Arrow-right Camera
Subscribe now

Inside Washington State’s decision making — how Cougars’ coaches balance analytics versus feel

Cougars head coach Jake Dickert watches his team during a game Sept. 2 at Canvas Stadium in Fort Collins, Colo.  (Tyler Tjomsland/The Spokesman-Review)

PULLMAN – Justin Kramer consulted the sheet, relayed the information to Ben Arbuckle, and with the green light from head coach Jake Dickert, Washington State had made a decision on how to approach this third-and-long, the first play of the second quarter against Oregon State on Sept. 23.

Up seven points, the Cougars faced third-and-10 from the Beavers’ 45-yard line. WSU aimed to gain 5 or 6 yards on third down, then move to the 40 for a fourth-and-medium – a situation in which analytics, or “the book,” would recommend the Cougars go for it. On third down, they broke the huddle planning to do just that.

“And Josh (Kelly) ends up making a play and scoring a touchdown,” Kramer said.

WSU quarterback Cam Ward completed an out route to receiver Kelly, who spun off one tackle, bolted upfield, shook off another tackle, then sprinted the rest of the way for a touchdown, pushing the Cougars’ lead to 21-7.

Three coaches had been involved in the decision : Kramer, special assistant to the head coach; Arbuckle, offensive coordinator; and Dickert, head coach. Together, they had decided to trust the fourth-down decision book from Championship Analytics, a service that 84 FBS programs use to help them make smarter in-game decisions in critical situations.

Except this time, the players had taken matters into their own hands, illustrating the balance that WSU coaches like to strike: Act according to the book, which provides color-coded fourth-down recommendations for every yardage, time and lead scenario the Cougars could encounter, while also using their intuition to make decisions.

“I think there’s a feel to it,” Kramer said. “We have a good blend. We’re not strictly 100% by the book – what the book says, that’s what we’re gonna do. I think Coach Dickert has done a really good job of finding his niche. And more importantly, I think he looks at the team, and he sees in the moment where our team’s at.”

Kramer is the point man at WSU on the book, which CAI tailors to each individual team. Every week, the company sends its clients a new copy that takes into account details on their next opponent – coaches, personnel, tendencies, strengths and weaknesses, even game location and playing surface.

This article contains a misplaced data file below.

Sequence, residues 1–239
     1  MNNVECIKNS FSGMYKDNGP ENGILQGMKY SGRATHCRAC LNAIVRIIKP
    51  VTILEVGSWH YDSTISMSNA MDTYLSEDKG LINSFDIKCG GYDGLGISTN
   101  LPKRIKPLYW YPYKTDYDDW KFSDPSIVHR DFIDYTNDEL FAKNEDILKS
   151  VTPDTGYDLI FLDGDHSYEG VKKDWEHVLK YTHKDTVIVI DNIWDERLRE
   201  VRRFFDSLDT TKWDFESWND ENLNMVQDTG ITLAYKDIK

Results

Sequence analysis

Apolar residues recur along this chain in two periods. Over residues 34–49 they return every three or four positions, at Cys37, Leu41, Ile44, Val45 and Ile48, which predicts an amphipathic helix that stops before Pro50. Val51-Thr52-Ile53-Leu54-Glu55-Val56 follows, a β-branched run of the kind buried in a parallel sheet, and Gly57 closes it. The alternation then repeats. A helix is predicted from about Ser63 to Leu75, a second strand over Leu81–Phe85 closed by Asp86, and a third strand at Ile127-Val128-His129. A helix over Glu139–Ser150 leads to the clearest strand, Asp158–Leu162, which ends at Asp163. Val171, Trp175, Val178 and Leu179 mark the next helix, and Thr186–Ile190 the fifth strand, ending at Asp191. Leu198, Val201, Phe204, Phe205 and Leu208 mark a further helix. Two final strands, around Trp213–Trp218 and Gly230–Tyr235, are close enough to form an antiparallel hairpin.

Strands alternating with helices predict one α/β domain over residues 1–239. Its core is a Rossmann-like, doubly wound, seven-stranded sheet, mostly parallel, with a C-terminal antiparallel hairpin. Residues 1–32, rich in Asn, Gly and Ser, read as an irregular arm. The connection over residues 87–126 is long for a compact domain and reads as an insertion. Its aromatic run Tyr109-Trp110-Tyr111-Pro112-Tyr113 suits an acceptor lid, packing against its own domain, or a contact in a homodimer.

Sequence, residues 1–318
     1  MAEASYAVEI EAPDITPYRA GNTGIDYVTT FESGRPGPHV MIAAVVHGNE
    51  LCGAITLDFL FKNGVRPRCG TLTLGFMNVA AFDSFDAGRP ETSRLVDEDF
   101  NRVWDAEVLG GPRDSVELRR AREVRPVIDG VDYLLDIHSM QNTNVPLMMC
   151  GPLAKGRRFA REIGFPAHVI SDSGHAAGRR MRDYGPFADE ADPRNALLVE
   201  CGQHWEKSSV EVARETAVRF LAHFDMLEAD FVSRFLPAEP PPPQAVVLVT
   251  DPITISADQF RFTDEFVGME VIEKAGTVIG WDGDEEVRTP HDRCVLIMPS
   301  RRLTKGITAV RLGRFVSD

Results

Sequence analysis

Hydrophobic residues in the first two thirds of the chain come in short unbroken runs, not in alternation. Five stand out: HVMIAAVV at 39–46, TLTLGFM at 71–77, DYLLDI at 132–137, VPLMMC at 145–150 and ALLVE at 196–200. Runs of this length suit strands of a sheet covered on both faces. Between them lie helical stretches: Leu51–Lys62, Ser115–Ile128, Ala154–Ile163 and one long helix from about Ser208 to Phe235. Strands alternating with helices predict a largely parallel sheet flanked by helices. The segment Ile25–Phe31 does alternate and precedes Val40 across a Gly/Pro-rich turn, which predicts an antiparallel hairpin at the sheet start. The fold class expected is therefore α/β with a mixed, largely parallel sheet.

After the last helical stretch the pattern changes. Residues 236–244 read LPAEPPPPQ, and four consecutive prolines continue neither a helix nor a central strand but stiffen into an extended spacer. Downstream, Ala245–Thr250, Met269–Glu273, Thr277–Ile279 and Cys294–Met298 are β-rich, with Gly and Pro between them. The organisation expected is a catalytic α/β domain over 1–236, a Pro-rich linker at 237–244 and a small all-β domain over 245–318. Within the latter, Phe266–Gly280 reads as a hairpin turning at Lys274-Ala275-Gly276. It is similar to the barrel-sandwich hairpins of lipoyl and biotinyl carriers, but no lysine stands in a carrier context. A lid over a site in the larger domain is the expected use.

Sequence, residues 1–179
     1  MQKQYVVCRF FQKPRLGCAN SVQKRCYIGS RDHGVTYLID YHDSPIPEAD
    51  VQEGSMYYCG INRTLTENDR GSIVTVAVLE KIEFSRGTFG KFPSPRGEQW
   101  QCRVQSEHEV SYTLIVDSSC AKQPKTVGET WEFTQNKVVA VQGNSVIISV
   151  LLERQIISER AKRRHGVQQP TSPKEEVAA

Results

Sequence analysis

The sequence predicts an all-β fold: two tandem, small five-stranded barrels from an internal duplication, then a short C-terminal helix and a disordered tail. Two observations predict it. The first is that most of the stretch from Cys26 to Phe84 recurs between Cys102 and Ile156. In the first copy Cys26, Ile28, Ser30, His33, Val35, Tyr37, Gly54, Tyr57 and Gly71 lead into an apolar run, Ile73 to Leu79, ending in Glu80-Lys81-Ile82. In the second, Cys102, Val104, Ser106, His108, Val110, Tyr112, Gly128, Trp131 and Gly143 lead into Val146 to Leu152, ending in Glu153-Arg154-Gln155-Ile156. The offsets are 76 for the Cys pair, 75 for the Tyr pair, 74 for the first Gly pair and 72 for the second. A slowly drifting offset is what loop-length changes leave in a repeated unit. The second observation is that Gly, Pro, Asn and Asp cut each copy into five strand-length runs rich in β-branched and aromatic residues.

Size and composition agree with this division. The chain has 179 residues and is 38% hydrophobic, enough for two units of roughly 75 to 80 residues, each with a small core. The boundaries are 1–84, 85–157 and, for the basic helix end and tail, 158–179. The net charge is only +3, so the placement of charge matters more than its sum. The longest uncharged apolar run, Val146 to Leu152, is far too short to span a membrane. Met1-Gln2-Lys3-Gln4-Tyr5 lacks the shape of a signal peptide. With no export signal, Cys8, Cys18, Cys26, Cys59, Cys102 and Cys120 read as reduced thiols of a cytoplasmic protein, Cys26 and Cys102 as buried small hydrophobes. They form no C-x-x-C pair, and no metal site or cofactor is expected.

On Saturday, No. 13 Washington State will put its 4-0 record on the line against UCLA, which means Cougars coaches have a copy that’s all about the Bruins – their defense, one of the best in the country; their pass rush, which features star Laiatu Latu; and everything in between.

More important, the CAI book draws a blueprint of each game, which can fit a few descriptions: high-possession and high-scoring; low-possession and low-scoring; or maybe somewhere in between.

Based on the number of possessions the book projects, coaches know how much they should value drives, which they use to inform their decisions on third and fourth down.

For example, the book predicted WSU’s 38-35 win over Oregon State to be low-possession and low-scoring — so much for that. So, midway through the third quarter when the Cougars faced fourth-and-10 from around their 30, Kramer consulted his sheet, a condensed version of the book. Possessions were projected to be limited, but they were skyrocketing. How could WSU steal one from OSU?

The answer came when punter Nick Haberer took the long snap and tossed a pass to tight end Billy Riviere III, a perfectly executed fake punt that prolonged the drive for the Cougars, who parlayed that into a touchdown, and robbed the Beavers of a possession.

“Which is really huge from an analytic standpoint,” Kramer said.

WSU coaches only knew what to do in that situation because they were prepared for it. Kramer is the “book guy,” which means during games, he stays close to Dickert so he can relay the book’s recommendations as they become pertinent. On Thursdays of game weeks, CAI sends out a list of possible scenarios the team could encounter, which is when Dickert, Kramer, Arbuckle, Ward and others meet to make sure they’re on the same page.